In this episode, the fellas discuss common mistakes made by salespeople and what we can do to avoid them.
Read the full transcript
Scott Fishman: I’m Scott Fishman.
Jon Dwoskin: I’m Jon Dwoskin.
Scott Fishman: And this is The Seven Minute Sales Minute.
Jon Dwoskin: Welcome, everybody.
Scott Fishman: Jonathan, how ya’ doing?
Jon Dwoskin: Fish, what’s going on? How are you?
Scott Fishman: I’m doing great, man. An amazing, productive day.
Jon Dwoskin: Oh, good. What’s made it so productive?
Scott Fishman: You know what? I don’t know. I just feel like I got a ton done. I woke up and I actually did a lot of administrative stuff, a lot of pipeline work for the week, when it was quiet, and I didn’t have to worry about my phone ringing, or any client questions coming in. I was able to actually get a lot done.
Jon Dwoskin: Just hearing you say that reminds me of a time years ago. I took Strategic Coach for a year. Once a quarter, you go to Chicago. I went to Toronto one quarter, and one of the things they talk about is you should have focus days, free days, and buffer days. Focus days are when 80% of your day is when you’re with your client. Free days, are when you don’t touch work for 24 hours, and buffer days are when all you do is specifically clean up, because you can catch up and you can get ahead, and just be incredibly productive.
In strategic coach terms, you had a buffer day.
Scott Fishman: I am all about that buffer day, for sure. I really am. I do it all the time. Every weekend, even if I’m not trying to get new business, I’m actually nurturing and watering a plant, so to speak.
Jon Dwoskin: Yeah, yeah. I would say, I had the same type of day, too, and it’s important. I know we have our topic for today, but I don’t know how business people or salespeople, or whatever profession you’re in, if you don’t have those buffer days where you’re just doing clean-up work to catch ahead and get ahead, I feel like you’re probably always going to fall behind.
Scott Fishman: We’ve talked about that before. I think that’s like when you get in on Monday morning and the treadmill is already turned up to seven and you’re just hopping on, and you’re at a full sprint, and you never catch your breath. You never catch up. You’re right.
Jon Dwoskin: So, we got to take some time as salespeople. Which moves into our topic for the day.
Scott Fishman: Yeah.
Jon Dwoskin: Want to tell everybody what that is?
Scott Fishman: Yeah. We’re going to talk about seven common mistakes that salespeople make – whether it be rookies or veterans.
Jon Dwoskin: There’s only seven?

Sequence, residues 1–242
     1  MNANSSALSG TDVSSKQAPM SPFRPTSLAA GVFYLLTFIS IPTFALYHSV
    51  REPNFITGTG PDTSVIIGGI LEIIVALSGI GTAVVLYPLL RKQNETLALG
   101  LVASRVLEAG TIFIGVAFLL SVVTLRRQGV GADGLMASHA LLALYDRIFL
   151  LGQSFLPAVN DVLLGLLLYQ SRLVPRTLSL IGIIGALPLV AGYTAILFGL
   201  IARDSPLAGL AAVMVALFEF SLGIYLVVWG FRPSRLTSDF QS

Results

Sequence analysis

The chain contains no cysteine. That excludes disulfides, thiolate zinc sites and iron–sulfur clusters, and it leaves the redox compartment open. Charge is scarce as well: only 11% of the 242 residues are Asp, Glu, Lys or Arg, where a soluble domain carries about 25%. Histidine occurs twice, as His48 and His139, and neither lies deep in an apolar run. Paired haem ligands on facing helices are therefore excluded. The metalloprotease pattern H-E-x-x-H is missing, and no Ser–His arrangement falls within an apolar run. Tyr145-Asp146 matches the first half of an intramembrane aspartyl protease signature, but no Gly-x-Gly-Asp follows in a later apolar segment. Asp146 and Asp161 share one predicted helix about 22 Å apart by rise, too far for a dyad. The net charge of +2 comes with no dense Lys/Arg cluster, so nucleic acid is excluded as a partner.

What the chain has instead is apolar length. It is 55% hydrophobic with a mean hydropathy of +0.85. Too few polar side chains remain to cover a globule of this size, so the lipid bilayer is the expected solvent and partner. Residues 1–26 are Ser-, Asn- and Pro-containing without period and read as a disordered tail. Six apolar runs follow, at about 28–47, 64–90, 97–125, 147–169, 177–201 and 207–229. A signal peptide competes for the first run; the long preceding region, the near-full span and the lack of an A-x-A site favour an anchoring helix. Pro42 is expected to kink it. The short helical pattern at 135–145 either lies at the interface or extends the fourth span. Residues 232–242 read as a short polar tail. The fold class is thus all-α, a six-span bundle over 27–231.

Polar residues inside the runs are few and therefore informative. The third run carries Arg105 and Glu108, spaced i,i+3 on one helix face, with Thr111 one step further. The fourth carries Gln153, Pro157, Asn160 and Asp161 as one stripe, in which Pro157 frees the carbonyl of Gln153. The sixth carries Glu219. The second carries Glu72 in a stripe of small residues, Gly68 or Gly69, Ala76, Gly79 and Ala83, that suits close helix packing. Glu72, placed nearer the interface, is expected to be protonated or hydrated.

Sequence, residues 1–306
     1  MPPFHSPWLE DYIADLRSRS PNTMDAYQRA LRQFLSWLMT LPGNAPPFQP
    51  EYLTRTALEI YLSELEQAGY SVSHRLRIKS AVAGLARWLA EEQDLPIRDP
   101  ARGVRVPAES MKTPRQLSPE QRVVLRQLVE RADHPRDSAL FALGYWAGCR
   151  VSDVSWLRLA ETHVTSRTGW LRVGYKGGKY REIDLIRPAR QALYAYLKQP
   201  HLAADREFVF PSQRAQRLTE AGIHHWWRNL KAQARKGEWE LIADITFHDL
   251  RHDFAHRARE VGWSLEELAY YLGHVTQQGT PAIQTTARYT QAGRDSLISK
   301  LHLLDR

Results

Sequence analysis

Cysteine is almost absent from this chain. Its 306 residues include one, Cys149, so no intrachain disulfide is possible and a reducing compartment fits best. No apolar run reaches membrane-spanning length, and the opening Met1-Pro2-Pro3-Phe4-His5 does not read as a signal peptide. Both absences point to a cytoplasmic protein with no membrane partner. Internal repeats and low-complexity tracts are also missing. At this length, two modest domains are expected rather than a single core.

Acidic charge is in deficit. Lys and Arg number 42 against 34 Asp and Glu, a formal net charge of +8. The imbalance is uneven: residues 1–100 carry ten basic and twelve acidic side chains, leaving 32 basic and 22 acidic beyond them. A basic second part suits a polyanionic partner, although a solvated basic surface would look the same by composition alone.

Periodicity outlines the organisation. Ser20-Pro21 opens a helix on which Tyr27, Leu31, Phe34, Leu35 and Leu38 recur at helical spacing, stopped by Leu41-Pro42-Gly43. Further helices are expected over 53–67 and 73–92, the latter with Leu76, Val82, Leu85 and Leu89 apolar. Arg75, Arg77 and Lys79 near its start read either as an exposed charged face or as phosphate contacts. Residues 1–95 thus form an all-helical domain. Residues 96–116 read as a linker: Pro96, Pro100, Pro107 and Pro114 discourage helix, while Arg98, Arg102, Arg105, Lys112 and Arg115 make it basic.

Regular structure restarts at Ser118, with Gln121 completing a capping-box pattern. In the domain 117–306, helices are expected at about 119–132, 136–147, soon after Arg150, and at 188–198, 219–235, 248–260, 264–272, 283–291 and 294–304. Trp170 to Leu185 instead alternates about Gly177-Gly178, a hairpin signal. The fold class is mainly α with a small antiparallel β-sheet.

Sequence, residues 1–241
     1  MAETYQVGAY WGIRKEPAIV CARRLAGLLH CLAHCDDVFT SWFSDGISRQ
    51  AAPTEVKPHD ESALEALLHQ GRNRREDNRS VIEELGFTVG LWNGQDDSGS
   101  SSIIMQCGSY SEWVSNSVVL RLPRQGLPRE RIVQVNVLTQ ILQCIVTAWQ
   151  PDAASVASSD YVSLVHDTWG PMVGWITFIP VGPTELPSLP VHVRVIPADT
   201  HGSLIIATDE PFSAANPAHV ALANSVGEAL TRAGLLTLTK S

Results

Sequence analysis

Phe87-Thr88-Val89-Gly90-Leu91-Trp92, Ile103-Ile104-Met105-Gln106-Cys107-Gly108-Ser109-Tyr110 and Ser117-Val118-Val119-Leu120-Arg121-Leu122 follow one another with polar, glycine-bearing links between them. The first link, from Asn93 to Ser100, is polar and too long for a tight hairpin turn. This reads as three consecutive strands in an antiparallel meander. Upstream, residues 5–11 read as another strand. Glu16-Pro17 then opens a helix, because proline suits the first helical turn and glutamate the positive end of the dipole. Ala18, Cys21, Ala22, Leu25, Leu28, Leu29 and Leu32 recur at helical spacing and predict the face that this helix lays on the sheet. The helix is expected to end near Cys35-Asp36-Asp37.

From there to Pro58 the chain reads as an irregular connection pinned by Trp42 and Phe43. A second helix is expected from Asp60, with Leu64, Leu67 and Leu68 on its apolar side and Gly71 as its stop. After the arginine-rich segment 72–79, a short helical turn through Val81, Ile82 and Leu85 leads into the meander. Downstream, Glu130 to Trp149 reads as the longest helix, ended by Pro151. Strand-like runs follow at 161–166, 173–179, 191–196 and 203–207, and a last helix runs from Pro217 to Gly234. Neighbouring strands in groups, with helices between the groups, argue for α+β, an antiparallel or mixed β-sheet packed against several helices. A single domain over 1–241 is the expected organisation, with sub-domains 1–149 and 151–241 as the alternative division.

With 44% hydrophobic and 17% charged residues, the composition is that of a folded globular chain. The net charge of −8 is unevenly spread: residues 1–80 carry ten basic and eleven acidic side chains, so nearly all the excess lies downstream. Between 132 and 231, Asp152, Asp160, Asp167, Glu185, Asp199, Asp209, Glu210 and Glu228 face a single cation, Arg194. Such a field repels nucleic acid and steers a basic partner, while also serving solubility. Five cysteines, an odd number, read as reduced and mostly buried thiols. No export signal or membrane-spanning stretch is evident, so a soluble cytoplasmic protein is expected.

Scott Fishman: Seven today. This is a Seven Minute Sales Minute, Jon.
Jon Dwoskin: Oh, right. Right. Alright, good. I think we got some solid stuff to talk about with people, and whether it’s a reminder to put back on the top of your list. These are things that you want to be very conscious that you don’t do.
Scott Fishman: Right.
Jon Dwoskin: Figure out the positive way to do it. Where should we start?
Scott Fishman: I think the first one should be the biggest mistake that I see people make: it is making it all about the price.
Jon Dwoskin: Yeah, I would agree. I think it’s all about value. Not about price.
Scott Fishman: Exactly. Price is what you pay. Value is what you get. Right?
Jon Dwoskin: I think sometimes people, salespeople specifically, they feel like they get a live one and then they rush and tell the price, as soon as somebody asks what the price is, because they think they have to answer that question.
Scott Fishman: Well, how much is it?
Jon Dwoskin: Exactly, and then you worry about cutting a deal, and then if you live by the sword or you die by the sword. So, if your customer is asking for a deal, and you’re going to say, “Hey, let me talk to my manager at the back and see how far we can go.” If you do that, they’re never going to stop asking.
Scott Fishman: Right.
Jon Dwoskin: So, when you sell by price, you’re definitely killing revenue.
Scott Fishman: Absolutely, and I think if we were just trying to play it out. When somebody asks, “Hey, what’s the price?” If they ask too early in the process, before you’re done talking about their value or asking questions to understand what’s going on with them. They’re painting their situation. You can table, we’ll get to the price after I understand exactly what you need. You’ve got to build the value.
So, I would say the lesson is, don’t feel pressured to give the price until you have everything you need to give a price.
Jon Dwoskin: Yeah. I don’t see any problem with that. Jon, I think that’s a great question that you ask about the price, but at this point, I don’t know for sure that we’re even a good fit for each other. Let’s have a little bit of a dialogue here and find out if we even have the product that you need.
Scott Fishman: Right, and once you’re done with all those questions, and you have the information, it’s okay to say, “Hey listen, let me kind of process what we’ve talked about, put it into a proposal, and then in the proposal we’ll also address the investment.” By the way, I think the word investment, instead of pricing, is much better, because if it’s really valued as something they need, it should be as an investment, and if you start articulating it that way then people get off of the price, and they know it’s an investment in themselves.
Scott Fishman: Yeah, and it’s easy to figure out the return on their investment as well.
Jon Dwoskin: Correct. So, those I think, serve some high level things that we kind of zoomed out. Anything else, as far as price?
Scott Fishman: Jon, I think we actually hit it. You know, this is a big thing. We have seven things to talk about on the Seven Minute Sales Minute, so we’re going to hit number two. What’s next?
Jon Dwoskin: Alright. Not connecting with the prospects. Let’s talk about that one. What are we doing wrong if we’re not connecting with the prospect.
Scott Fishman: Well, if we’re not connecting with the prospect, we’re not creating any sort of relationship with them. It’s all clinical, and at that point, number one, it does all become about price, but we’re not actually giving them the value. There’s no warm fuzzies. We don’t know enough about them. They don’t know enough about us, our product, our company. We need to really connect with them, in order to find out how we can tailor a solution to their needs.